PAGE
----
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Messages - svejk

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My first experience homebrewing was at a "u-brew" business, and I would highly recommend that you look to see if there is one in your area.  They are called by different names, but they are businesses that allow you to come to their location and use their equipment to brew a batch of beer.  They have lots of recipes to choose from and helpful staff that can talk you through the process.  Once I tried it and tasted the results, I was hooked and ended up taking the plunge.

If there isn't such a business in your area, you might want to pick up a Mr Beer kit and then search the web for a custom recipe that sounds good to you.  It isn't a huge investment, and it will give you a chance to test the waters to see if it is something that interests you.

Best of luck!

Equipment and Software / Re: Choosing The Right Brewpot
« on: September 26, 2013, 02:49:37 PM »
I brew with a 15 gallon stainless Vollrath kettle that I had customized with a ball valve and false bottom (I mainly use whole hops, so I use a false bottom instead of hop bags).  My original intent for getting the larger kettle was because I envisioned moving up to 10g batches, but after brewing a few big batches, I found that I preferred brewing 5 to 7 gallon batches, depending on the style.

I have been really happy with my kettle, and wouldn't want to use anything smaller, even for a 5g batch.  The only real concern I can think of with a larger kettle is that some of them are wider and squatter than others.  If you do end up with a very wide kettle, you'll probably find that you'll end up with a higher boil-off rate than you would have with a taller, narrower kettle.  This isn't really a huge deal since you'll build in your boil rate into your expectations, but it is something to consider.

Equipment and Software / Re: newbie refractometer question
« on: September 24, 2013, 03:14:17 PM »
I have noticed with my refractometer if I set it aside for a few minutes and check it, the gravity will usually rise by a bit.  It has ATC, but it just isn't as quick as I would have expected.  My usual practice is to use my refractometer for checking gravities throughout the brew day.  Once the wort is chilled and in the fermenter, I check the gravity with a hydrometer because my standard practice is to aim a bit high on gravity and a bit low on volume in the fermenter so I can dilute with water to hit the targeted OG.  My hydrometer is more accurate than my refractometer, so I like the accuracy for when I'm doing the dilution.

Yeast and Fermentation / Re: Fermentation not finished
« on: September 24, 2013, 10:17:03 AM »
If it does turn out that this batch is truly stalled, restarting fermentation can be tricky.  If it were me, I would pull a sample of the beer (at least a hydrometer jar's worth, maybe a bit more just to be sure) and pitch a pack of Nottingham dry yeast in it.  Leave that sample warm and shake it several times a day.  Check the gravity with a calibrated hydrometer after a few days and see what it stopped at.  If the gravity didn't change, then it won't go any further no matter what you do so you can then decide what to do with it (maybe it could be used for blending).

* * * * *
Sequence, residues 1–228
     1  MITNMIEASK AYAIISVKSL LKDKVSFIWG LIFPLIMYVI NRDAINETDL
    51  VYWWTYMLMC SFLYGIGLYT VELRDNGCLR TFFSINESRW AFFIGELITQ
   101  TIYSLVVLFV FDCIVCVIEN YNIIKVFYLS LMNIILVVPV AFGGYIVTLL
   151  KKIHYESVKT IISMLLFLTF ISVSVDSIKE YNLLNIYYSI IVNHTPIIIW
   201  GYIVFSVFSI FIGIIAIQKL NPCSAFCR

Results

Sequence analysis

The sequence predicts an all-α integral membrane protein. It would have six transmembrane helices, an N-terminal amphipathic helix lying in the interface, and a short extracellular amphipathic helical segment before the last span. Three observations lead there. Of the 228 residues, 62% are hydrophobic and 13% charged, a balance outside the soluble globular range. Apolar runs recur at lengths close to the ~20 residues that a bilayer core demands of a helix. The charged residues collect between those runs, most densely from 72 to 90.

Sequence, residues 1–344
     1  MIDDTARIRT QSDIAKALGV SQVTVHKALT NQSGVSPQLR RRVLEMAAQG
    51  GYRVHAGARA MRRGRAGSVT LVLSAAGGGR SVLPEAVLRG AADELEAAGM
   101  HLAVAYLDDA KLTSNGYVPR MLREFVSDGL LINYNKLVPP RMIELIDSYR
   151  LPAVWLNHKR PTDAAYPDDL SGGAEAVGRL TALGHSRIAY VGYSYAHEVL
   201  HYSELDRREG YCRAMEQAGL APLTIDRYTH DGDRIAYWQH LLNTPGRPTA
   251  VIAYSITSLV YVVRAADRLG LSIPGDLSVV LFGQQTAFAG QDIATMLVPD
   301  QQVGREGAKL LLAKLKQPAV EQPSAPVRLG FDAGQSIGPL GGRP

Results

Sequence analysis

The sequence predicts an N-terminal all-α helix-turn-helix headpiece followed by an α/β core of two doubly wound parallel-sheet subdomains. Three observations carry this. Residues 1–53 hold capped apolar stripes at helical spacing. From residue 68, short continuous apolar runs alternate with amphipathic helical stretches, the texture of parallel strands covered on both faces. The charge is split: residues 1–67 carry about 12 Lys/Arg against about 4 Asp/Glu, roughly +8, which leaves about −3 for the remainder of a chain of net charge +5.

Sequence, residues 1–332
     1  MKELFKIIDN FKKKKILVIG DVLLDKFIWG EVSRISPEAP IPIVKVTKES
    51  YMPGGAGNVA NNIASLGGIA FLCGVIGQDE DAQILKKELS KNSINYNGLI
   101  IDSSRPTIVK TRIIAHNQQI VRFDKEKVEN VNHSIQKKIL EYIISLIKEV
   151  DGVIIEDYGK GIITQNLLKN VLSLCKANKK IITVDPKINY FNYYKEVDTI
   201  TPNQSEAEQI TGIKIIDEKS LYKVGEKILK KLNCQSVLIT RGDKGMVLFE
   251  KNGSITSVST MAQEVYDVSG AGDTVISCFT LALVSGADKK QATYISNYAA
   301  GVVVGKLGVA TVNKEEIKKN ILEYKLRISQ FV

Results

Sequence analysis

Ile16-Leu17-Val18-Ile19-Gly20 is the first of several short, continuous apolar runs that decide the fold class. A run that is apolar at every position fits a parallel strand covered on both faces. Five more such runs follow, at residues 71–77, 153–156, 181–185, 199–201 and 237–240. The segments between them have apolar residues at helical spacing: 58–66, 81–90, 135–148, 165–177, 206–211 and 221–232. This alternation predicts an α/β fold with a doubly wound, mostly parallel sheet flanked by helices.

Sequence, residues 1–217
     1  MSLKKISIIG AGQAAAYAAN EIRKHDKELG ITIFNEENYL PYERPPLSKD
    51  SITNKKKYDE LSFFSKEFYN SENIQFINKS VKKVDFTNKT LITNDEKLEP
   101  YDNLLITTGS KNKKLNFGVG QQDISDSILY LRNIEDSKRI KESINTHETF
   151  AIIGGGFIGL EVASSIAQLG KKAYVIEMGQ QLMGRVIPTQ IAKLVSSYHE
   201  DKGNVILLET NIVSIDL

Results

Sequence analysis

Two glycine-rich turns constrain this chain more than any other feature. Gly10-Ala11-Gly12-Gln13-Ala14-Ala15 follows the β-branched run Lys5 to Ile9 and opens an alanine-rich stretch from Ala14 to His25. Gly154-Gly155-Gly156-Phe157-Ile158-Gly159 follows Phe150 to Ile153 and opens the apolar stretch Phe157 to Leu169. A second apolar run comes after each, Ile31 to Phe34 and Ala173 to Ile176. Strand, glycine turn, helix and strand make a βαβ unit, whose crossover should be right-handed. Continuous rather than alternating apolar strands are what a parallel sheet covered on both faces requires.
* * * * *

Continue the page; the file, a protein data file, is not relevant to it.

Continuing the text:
If the sample did finish at your target FG, then there is hope and you will need to pitch a LOT of yeast to finish the job.  Your beer is already over 7.5% ABV and completely lacking oxygen, so you will get very little if any yeast growth if you pitch packs of yeast in it.  What you really want is a massive slug of yeast to finish the job, so you could grow up a batch of healthy yeast by brewing a batch of low gravity table beer (OG ~1.040) and racking the stalled beer onto the yeast cake from the small beer.  You may need a couple of batches since you are doing this with 10 gallons. 

Another option would be to find a local brewery or brewpub that would give you a bunch of slurry to pitch into the beer.  I have done this same thing with Belgian beers before, and the first yeast I pitched provided the "Belgian" character, and I finished the beer by pitching over a quart of 1056 from a local brewery.

Good luck with the brew!

Yeast and Fermentation / Re: Pros and Cons?
« on: September 19, 2013, 01:28:37 PM »
My standard approach is to do the simplest process first and if it doesn't work for me then I add complexity as needed.  There was a thread a little while ago about how pitching on a yeast cake is a bad idea, but in my experience I've really liked the results - at least in certain circumstances. 

I usually schedule back to back brew sessions about a week or two apart with a smaller beer (ie a Scottish 60/- with Wyeast 1728) brewed first and then a big beer (like a big English Barleywine) brewed second.  During the barleywine boil, I rack the Scottish into a keg and leave the yeast in the fermenter.  Once the barleywine is chilled, I put it right on top of the yeast from the Scottish and let it rip.  My philosophy is that the carboy was sanitized when I put the first beer in there, so I don't even bother cleaning it out.  If you read the other thread about pitching on a yeast cake, you'll see that there are lots of opinions about whether this is a good practice or not, but both my beer that was selected in a Pro Am competition and my 41 point barleywine were brewed using this method so I have no complaints.